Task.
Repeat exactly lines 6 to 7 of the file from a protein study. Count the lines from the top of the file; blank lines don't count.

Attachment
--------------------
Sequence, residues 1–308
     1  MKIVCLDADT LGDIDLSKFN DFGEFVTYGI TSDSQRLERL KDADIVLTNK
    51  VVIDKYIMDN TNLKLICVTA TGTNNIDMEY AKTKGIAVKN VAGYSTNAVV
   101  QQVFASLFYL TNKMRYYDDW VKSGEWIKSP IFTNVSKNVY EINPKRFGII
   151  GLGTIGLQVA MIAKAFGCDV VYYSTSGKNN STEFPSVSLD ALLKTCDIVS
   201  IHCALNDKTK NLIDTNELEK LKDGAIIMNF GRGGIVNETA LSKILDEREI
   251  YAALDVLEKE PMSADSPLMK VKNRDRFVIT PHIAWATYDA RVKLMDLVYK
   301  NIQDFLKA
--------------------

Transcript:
   201  IHCALNDKTK NLIDTNELEK LKDGAIIMNF GRGGIVNETA LSKILDEREI
   251  YAALDVLEKE PMSADSPLMK VKNRDRFVIT PHIAWATYDA RVKLMDLVYK